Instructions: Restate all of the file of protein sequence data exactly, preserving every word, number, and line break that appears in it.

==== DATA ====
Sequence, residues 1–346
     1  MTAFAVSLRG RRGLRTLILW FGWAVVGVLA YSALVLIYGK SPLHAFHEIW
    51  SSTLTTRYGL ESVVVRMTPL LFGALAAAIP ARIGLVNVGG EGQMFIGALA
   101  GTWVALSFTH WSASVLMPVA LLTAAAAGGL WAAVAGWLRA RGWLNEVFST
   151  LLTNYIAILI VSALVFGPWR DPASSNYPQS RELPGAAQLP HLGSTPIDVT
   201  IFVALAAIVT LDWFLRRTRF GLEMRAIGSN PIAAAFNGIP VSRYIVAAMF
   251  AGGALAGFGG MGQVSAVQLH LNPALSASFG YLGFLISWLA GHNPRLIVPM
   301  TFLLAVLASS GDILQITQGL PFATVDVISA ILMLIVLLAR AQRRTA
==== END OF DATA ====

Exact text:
Sequence, residues 1–346
     1  MTAFAVSLRG RRGLRTLILW FGWAVVGVLA YSALVLIYGK SPLHAFHEIW
    51  SSTLTTRYGL ESVVVRMTPL LFGALAAAIP ARIGLVNVGG EGQMFIGALA
   101  GTWVALSFTH WSASVLMPVA LLTAAAAGGL WAAVAGWLRA RGWLNEVFST
   151  LLTNYIAILI VSALVFGPWR DPASSNYPQS RELPGAAQLP HLGSTPIDVT
   201  IFVALAAIVT LDWFLRRTRF GLEMRAIGSN PIAAAFNGIP VSRYIVAAMF
   251  AGGALAGFGG MGQVSAVQLH LNPALSASFG YLGFLISWLA GHNPRLIVPM
   301  TFLLAVLASS GDILQITQGL PFATVDVISA ILMLIVLLAR AQRRTA